I just caught this blip from the AP about how NY Jets coach Rex Ryan felt "disrespected" by the Patriots' decision to throw long even after the game's outcome was more or less determined on Sunday.
I know something similar came up a couple years ago from the Redskins, and just two weeks ago, mighty USC was complaining about an opponent's go-for-two decision while they were being blown out at the Colosseum.
I'll make an exception for youth sports, where far less is on the line, but for any Division I college game, or especially for an NFL game, where this really is what all these guys do for a living, all complaints about running up scores need to cease.
Anyone who witnessed infamous collapses like the Oilers-Bills game back almost two decades ago (the one where the 35-3 halftime lead didn't prove so decisive) needs to understand that these teams play a high-stakes game where the objective is to win. A lot of crazy things can happen in short time spans, so just because you're winning by two or more scores in the fourth quarter doesn't really guarantee anything. More important than being graceful, or not hurting someone's feelings, or appearing un-gentlemanly comes the singular ambition for the "W" as shared by coaches and players whose careers and futures are always on the line.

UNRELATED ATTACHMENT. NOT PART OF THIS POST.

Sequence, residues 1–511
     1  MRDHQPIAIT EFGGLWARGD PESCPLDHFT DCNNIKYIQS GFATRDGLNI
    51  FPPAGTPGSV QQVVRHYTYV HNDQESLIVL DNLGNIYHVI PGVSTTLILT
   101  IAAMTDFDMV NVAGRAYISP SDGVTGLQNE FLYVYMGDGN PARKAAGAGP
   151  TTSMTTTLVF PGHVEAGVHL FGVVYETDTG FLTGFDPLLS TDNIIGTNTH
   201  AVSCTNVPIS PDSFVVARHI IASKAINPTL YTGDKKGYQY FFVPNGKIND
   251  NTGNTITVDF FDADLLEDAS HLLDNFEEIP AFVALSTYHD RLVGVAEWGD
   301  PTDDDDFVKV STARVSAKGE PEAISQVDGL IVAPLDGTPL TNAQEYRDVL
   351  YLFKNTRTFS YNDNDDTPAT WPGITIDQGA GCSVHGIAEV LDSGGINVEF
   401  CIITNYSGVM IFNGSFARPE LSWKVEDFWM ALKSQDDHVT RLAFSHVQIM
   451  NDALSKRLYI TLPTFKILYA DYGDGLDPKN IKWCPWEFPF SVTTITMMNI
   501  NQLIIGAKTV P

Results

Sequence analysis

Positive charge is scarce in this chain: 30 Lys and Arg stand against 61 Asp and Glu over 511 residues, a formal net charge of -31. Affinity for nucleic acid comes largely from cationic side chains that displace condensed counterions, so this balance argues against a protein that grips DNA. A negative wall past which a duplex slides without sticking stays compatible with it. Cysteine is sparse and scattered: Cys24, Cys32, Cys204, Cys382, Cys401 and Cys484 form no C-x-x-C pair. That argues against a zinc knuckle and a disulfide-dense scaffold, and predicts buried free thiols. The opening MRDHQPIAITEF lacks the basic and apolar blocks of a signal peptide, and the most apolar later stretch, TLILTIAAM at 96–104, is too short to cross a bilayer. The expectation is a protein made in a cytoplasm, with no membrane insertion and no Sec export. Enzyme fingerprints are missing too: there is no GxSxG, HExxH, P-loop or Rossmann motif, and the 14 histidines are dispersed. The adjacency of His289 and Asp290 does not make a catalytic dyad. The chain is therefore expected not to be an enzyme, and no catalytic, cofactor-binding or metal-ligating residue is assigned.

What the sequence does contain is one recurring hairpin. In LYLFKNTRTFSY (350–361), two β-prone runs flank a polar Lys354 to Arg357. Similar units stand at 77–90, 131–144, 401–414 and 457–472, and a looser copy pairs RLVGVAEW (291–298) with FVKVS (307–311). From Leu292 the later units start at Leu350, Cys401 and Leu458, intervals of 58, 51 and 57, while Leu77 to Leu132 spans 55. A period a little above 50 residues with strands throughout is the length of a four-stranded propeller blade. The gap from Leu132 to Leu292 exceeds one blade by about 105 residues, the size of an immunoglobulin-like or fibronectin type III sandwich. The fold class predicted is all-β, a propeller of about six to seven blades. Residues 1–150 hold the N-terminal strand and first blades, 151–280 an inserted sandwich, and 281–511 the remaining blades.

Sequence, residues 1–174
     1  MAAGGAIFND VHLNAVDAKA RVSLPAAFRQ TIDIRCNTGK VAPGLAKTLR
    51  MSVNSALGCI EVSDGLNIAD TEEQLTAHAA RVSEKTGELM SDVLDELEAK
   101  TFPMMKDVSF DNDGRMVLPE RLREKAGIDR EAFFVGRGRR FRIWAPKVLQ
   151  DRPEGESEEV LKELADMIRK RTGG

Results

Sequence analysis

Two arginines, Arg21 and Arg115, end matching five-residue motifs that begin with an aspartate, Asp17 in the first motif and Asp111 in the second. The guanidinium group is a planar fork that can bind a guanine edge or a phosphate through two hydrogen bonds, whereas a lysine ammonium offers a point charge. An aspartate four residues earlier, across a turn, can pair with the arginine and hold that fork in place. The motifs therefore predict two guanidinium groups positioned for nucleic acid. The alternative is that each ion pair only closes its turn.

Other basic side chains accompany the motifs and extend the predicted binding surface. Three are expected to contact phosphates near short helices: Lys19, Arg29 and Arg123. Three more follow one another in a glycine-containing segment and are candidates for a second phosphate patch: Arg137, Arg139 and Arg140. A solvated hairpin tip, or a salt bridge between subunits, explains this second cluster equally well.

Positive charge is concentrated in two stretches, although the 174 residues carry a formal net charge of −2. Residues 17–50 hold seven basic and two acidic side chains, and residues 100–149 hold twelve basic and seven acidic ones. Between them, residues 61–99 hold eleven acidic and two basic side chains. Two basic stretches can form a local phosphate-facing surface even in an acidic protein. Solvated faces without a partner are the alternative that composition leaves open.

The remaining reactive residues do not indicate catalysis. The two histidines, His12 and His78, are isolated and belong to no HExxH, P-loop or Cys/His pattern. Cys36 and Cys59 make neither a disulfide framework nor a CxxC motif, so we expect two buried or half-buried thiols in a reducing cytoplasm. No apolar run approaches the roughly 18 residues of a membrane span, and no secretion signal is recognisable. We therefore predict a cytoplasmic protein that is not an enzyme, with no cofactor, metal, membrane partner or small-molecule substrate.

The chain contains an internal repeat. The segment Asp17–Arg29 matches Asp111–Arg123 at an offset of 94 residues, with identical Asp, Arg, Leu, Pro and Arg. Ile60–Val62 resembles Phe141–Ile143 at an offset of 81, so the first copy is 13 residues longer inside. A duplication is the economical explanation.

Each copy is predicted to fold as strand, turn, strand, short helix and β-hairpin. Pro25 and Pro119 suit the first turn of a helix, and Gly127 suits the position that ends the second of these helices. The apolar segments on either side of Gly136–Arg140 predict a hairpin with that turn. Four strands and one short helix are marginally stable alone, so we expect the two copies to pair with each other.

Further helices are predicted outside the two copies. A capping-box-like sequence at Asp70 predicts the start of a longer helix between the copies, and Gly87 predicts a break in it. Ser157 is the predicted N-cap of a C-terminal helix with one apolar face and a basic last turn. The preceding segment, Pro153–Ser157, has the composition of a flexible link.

Anyone who has ever invested their hard-earned time or money (and, yes, time is a commodity that for some is the scarcest and most-valuable thing they have) in following college or pro sports should expect nothing less than the team for which they're rooting to try to win the game.
And winning means scoring more points than the other team does.
If it's late in the game, and I'm a second- or third-stringer fighting to keep my job or get promoted, you better believe I'm not letting up.
If I'm a first-stringer who trains year-round with one goal in mind, you better believe I'm not letting up. If that means testing out a pass play, or trying something out in a game situation, I would do it.